my wife). However, on getting wind of this, Rob Ivison took me into his office and said, “you should consider a PhD”. Consequently, I thought it might be ­sen­sible to make some initial enquiries about doing a PhD when I returned from my travels. This is when I first met Dave Alexander with his infectious enthusiasm for anything related to supermassive black holes. Four months of backpacking in Southeast Asia and five months of bush camping in Western Africa gave me a considerable amount of time to reflect upon what I wanted from life. I concluded that it might be quite fun to undertake a PhD. I was lucky enough that Dave Alexander was able to take me on as his student at ­Durham University. He set me off on reducing integral field spectroscopy (IFS) data from the Near-Infrared Integral Field Spectrometer (NIFS). These data were of distant star-forming galaxies that host rapidly accreting black holes, and the goal was to search for evidence of gas being expelled from the galaxies. The project was certainly exciting, and I was delighted to have a set of data that nobody else was working on. Despite this, I briefly felt again that I did not have what it takes to be an astronomer and the other students were much more intelligent and better researchers. However, thanks to supportive people around me, I managed to continue.

With a wife, a one-year old daughter and a son on the way, it was difficult to decide to move the whole family to Germany in order to take up the ESO Fellowship. However, the pull of the fantastic opportunities that working at ESO would bring, and of living in Munich, were too great to resist. It is such a privilege to be working at the Headquarters, alongside such a broad range of people. I now am working on a range of datasets, from programmes I am leading involving radio interferometry (eMERLIN; VLA; ALMA), more IFS data (ESO/VIMOS; ESO/SINFONI) and X-ray data (Chandra); these are mostly driven by the goal to establish the connection between supermassive black holes and their host galaxies. I am also lucky enough to have two excellent students working alongside me on these projects. I am elated to be working alongside the Supernova coordinator Tania Johnston on the ESO Supernova Planetarium & Visitor Centre for 25% of my time (my “ESO project”). I feel honoured to have been part of developing the educational workshops and planetarium shows, and I am now getting to see them in action, since we opened in April of this year. At ESO, I also have the role of being one of the fellow representatives, which gives me the opportunity to improve and refine the Fellowship programme for the other ESO Fellows. Indeed, this has lately become a strong ambition — to ensure that astronomy can be a safe, supportive and enjoyable career for everyone. After all, it is a luxury to be able to do this job, and we should all be having a fun time doing it.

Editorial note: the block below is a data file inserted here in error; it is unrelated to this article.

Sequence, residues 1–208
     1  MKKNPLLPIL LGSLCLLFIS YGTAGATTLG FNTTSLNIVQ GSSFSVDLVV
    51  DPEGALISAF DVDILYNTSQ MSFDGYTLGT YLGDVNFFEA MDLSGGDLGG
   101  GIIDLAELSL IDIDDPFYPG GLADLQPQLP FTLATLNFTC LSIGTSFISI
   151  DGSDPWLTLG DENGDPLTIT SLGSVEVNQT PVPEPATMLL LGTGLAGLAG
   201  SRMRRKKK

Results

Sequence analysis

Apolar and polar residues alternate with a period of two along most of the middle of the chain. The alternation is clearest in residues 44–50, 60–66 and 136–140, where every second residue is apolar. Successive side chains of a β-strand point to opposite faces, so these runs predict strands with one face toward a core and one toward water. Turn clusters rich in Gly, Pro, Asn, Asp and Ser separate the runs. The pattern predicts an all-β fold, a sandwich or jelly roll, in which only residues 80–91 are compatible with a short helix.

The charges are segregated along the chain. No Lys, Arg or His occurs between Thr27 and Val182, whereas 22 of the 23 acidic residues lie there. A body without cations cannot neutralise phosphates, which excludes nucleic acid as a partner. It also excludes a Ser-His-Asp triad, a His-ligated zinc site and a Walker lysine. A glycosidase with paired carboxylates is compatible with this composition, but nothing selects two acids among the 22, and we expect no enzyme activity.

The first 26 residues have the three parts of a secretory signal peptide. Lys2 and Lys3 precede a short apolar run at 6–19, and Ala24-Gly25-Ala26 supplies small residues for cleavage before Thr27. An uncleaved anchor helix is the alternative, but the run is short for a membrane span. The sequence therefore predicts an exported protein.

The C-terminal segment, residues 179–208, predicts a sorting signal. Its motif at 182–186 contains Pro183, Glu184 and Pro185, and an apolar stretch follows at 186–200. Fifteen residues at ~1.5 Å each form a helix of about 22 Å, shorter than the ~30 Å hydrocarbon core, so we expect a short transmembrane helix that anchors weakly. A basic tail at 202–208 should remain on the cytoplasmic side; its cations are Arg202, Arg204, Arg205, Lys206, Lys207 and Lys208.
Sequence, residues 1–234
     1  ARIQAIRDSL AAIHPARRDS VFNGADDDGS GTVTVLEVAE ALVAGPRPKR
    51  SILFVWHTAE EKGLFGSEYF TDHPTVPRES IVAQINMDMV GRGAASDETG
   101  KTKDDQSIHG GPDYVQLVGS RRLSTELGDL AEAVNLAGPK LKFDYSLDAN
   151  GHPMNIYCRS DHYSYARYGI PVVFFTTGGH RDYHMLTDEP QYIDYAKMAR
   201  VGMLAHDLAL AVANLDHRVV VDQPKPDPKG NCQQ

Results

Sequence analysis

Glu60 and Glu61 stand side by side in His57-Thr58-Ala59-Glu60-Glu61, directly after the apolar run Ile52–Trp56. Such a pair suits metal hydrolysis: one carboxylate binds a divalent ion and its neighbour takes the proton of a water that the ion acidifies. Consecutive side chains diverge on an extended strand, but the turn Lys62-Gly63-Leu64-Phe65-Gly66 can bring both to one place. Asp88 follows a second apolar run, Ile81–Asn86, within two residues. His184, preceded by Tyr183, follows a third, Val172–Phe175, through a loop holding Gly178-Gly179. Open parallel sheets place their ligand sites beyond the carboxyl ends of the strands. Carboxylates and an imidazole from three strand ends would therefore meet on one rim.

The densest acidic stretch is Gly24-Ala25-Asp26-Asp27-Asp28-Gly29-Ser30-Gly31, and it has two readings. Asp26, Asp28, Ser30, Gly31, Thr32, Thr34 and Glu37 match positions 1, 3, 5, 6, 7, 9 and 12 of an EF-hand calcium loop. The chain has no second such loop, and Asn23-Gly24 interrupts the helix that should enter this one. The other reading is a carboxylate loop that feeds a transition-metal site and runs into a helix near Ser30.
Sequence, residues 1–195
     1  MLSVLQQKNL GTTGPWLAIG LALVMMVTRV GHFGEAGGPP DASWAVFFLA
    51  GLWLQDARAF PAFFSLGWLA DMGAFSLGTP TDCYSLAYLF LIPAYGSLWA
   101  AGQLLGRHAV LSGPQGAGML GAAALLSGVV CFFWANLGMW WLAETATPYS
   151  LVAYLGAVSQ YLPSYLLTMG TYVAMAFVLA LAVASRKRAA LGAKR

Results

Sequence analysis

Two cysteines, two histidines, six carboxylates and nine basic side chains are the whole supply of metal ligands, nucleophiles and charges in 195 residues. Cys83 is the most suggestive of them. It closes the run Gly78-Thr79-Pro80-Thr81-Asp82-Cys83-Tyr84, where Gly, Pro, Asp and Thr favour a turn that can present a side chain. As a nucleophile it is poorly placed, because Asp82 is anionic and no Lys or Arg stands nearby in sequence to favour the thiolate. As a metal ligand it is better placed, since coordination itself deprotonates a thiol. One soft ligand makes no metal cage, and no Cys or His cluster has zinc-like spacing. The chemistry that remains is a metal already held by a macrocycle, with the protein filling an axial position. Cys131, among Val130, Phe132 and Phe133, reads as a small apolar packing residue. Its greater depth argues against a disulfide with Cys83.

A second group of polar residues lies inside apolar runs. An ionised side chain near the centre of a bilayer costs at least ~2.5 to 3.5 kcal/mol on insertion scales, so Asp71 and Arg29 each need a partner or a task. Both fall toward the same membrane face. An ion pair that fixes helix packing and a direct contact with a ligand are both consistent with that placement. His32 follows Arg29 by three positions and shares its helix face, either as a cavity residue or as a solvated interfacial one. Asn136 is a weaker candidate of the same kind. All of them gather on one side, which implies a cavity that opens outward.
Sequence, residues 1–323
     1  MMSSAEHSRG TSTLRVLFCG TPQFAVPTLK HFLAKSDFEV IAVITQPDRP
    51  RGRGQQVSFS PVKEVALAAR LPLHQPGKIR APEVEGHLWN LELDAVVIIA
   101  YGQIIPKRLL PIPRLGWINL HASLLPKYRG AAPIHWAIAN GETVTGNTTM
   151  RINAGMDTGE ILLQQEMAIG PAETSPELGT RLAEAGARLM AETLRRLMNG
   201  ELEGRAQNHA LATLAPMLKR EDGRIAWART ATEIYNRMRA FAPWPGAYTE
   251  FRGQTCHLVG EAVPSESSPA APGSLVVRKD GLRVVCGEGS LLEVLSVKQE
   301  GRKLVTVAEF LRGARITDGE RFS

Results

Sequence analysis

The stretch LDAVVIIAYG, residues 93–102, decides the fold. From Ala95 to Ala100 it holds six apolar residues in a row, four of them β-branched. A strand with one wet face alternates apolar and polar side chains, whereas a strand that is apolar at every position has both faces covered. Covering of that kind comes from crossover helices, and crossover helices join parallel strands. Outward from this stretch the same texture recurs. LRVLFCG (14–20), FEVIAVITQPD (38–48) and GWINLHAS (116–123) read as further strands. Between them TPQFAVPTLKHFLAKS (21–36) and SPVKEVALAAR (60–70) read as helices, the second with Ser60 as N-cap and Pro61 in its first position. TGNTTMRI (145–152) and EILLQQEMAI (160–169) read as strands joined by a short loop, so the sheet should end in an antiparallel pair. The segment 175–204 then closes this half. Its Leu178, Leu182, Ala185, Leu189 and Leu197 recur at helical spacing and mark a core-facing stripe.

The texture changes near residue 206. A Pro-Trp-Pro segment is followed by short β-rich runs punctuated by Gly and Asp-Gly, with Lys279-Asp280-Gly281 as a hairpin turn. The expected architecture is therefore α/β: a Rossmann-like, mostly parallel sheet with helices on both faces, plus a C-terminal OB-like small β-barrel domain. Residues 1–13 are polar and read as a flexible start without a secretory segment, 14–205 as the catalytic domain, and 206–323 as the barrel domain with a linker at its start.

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Astronomical News

Opitom C., Harrison C., Querejeta M., Fellows at ESO

Miguel Querejeta I was six years old when I first looked through a telescope. It was in a small town called Ezcaray, in the Spanish wineproducing region of La Rioja. I used to spend long summer periods there with my family and those dark night skies always fascinated me; I distinctly remember the feeling of the chilly breeze on a deck chair on the roof terrace, watching shooting stars for hours on end. In such a setting, it seems natural to wonder about the physical nature of those shiny objects — and here I am, more than 20 years later working as a professional astronomer! However, the fact that I felt such an early fascination for astronomy did not mean that I always wanted to pursue studies in that direction. As a teenager, I seriously considered the option of studying mathematics, neurobiology, classics, and even history of art, which drove my parents a bit crazy. Despite my whims, the support from my parents was always admirable, and they encouraged me to follow my passion for astrophysics. This eventually took me to Madrid, where I studied Physics with Astronomy at the Universidad Complutense. From 2011–2012, I was fortunate enough to spend a year abroad at the University of Nottingham through the Erasmus scheme, which is a European community action scheme to encourage the mobility of university students. I was guided by a brilliant tutor, Alfonso Aragón-Salamanca, and I had some excellent lecturers there, such as Mike Merrifield, Chris Conselice, and Omar Almaini. The atmosphere of the Nottingham Astronomy Group was very enthusiastic, and I was able to undertake a year-long research project under the supervision of Loretta Dunne: using data from the Herschel Space Observatory to study dusty early-type galaxies — which I very much enjoyed. That initial research experience at ­Nottingham motivated me to look further for possible internships, and I obtained a studentship to spend a whole summer at the Intituto de Astrofísica de Canarias, in Tenerife. There, I analysed dynamical resonances in galaxies with John Beckman and Joan Font. I was stunned by the tele-